JAY: You can see who got appointed as Obama's financial team.
CHOMSKY: Right away, you know, instantly. There were other people who could have been appointed.
JAY: So what's the vision for ordinary people now? What should they be the demanding? What should they articulate?
CHOMSKY: They should be demanding a functioning democratic society in which decisions are actually made by the public in their own organizations, their own meetings. I mean, you know, let's take, say, the primaries. So, say, New Hampshire has the first primary, technically. Well, if you had a democratic society, a functioning one, not just a formal one, what would happen would be that a town in New Hampshire would get together, town meeting, whatever organizations they have, and say these—hash out the kind of policies they want the government to follow, come to some more or less agreement, say, well we'd like to do so and so, then if a candidate wants to come, they should say, okay, you can come, and we'll tell you what we want you to do, and if you can really commit yourself to this honestly, maybe we'll vote for you. That's not what happens. What happens is the candidate comes in with a huge PR apparatus and makes a speech to the town and says, here's how wonderful I am and here's what I'm going to do, and people probably [inaudible] they don't believe him properly, and then gone. That's the opposite of democracy.
JAY: Now, what would the economy look like? What's the demands on the economy?
CHOMSKY: Well, you know, I think the term stimulus has been turned into a dirty word, like taxes. But if there was real discussion about this, public discussion about it, I think most of the population would probably agree with leading economists, Nobel laureates, who say what we need is a big stimulus. Deficit reduction down the road, maybe. But we didn't have a stimulus. I mean, if you take a look at the Obama stimulus, I mean, contrary to tons of lies about it, there's good objective evidence that it did save maybe a couple of million jobs. However, it was a very small stimulus, and it was wiped out by cutbacks in government spending at other levels. So the stimulus was actually more or less the same as the cutback in state and local spending. So that means there was stimulus.
JAY: Is part of this a missing critique on the limits of stimulus, that there's a point where even if there's—even a direct government jobs program, for that matter, but the underlying problem of stagnant wages and chronic now-high unemployment—.
CHOMSKY: That goes back 35 years.
JAY: So does there not need to be some addressing of that? 'Cause stimulus alone is not likely to address that.
CHOMSKY: No, stimulus is for an immediate problem.
JAY: So what's the longer-term vision?
CHOMSKY: There's a—right now there's a problem of low demand. Corporations have money coming out of their ears. They've just huge profits just stored up. They're not creating demand.
JAY: Yeah. In fact, they're going offshore with the money now, mostly.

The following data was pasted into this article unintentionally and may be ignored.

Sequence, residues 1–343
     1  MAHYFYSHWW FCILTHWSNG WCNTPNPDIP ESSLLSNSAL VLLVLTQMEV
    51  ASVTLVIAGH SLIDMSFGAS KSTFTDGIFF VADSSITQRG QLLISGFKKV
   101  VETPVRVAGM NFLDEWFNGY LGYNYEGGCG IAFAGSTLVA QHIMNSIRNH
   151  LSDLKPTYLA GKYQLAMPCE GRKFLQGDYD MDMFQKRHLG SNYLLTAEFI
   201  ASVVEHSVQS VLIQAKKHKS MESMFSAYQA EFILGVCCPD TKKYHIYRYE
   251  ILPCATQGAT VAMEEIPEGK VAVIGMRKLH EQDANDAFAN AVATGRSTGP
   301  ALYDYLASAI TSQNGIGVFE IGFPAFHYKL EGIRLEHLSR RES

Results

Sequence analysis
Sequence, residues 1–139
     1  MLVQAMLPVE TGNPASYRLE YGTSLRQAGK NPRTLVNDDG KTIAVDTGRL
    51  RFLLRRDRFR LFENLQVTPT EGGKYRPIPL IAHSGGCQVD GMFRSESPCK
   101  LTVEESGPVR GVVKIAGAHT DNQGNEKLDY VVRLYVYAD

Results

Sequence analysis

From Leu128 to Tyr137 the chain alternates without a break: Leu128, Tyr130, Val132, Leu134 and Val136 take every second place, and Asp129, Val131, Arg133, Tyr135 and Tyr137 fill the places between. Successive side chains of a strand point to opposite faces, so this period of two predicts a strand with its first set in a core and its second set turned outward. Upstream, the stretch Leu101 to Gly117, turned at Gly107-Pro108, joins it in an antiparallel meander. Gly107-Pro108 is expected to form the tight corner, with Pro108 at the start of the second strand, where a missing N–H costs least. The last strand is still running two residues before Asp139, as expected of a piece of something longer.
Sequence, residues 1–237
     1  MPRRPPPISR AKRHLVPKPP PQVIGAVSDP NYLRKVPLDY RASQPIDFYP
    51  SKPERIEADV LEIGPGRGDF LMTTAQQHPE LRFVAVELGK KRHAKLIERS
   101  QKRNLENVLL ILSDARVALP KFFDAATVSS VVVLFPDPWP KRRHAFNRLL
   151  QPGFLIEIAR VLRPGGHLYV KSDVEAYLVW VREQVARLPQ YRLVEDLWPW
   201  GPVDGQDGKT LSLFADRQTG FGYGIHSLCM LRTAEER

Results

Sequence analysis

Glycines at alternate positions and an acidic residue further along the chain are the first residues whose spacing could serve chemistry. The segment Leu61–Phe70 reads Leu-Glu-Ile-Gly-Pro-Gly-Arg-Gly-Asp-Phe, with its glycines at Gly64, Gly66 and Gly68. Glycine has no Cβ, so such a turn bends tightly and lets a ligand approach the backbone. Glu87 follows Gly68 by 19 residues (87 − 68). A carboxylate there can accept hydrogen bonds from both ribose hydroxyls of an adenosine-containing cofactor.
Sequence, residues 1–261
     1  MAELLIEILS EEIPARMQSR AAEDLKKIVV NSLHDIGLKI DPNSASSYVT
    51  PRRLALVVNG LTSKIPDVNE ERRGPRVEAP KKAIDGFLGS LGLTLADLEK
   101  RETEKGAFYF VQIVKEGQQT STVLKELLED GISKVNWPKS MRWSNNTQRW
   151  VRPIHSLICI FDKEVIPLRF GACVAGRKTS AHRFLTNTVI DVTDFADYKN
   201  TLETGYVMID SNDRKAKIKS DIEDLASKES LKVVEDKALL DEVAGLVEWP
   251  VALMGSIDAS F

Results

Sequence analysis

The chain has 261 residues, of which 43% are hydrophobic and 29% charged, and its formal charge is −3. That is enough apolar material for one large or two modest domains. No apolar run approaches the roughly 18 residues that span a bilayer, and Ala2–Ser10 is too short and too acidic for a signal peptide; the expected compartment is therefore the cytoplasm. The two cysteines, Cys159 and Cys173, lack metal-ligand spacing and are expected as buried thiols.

CHOMSKY: Part of it, and that's part of the problem, which goes way back, not for now. The population can't—people just lost roughly $6 trillion. That's not small. That's what the housing bubble was, and maybe a couple of trillion more in their mutual funds and so on. So roughly $8 trillion of wealth have been lost for the population. So consumer demand is—it's there, but limited. Now, in that kind of situation, the only way you can get the economy moving again is by government creating demand.
JAY: But then what?
CHOMSKY: If the economy gets moving again, it'll grow, and then with the growth of the economy, you can return and overcome whatever deficit there is. That's pretty much the way it's been done in the past.
JAY: But in terms of this democratization of the society, doesn't there need to be something on the economic front that reflects that? And if you go back to the same kind of economy we had pre-crash—.
CHOMSKY: But now we're going—see, let's go back to that. Take—you mentioned stagnating wages. That's a 35-year problem. I mean, there was a big growth period without historical precedent in the '50s and the '60s into the early '70s. In the mid '70s there was major change in economic policy. You know, it didn't happen in an instant, but it happened over time, and it was escalated by Reagan, again by Clinton, even more so by Bush. But the—it's bipartisan, started in the late Carter years. Two things, which are related. One of them was a shift towards financialization of the economy. So the share of profits by financial institutions started to increase. By now it's (you know, there's—it's estimates) roughly a third of corporate profits. You know, they don't contribute—financial institutions do something for the economy, but nothing on that scale. That's basically harmful to the economy. But it increased enormously. Now they're the solid core of economic power, say, a third of corporate profits or something like that. Associated with that was a hollowing out of productive industry. So it's a continuation of a process that [inaudible]
JAY: So what do you do? What should people be demanding in terms of structural change on the economic side?